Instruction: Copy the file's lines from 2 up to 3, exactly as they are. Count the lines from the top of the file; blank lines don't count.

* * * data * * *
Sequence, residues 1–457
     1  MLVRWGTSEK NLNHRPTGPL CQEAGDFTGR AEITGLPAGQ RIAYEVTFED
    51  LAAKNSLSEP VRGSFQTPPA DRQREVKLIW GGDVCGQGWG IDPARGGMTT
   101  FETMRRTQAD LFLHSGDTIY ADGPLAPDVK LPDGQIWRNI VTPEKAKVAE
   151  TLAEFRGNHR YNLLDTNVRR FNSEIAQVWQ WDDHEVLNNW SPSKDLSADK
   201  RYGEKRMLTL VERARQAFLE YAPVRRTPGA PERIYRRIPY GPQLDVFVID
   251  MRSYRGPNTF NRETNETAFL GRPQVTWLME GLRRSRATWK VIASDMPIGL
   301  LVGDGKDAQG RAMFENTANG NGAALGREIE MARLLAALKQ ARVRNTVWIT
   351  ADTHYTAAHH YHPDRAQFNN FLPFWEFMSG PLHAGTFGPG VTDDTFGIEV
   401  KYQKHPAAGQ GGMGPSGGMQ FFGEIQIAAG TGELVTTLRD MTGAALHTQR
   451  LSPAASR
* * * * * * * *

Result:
     1  MLVRWGTSEK NLNHRPTGPL CQEAGDFTGR AEITGLPAGQ RIAYEVTFED
    51  LAAKNSLSEP VRGSFQTPPA DRQREVKLIW GGDVCGQGWG IDPARGGMTT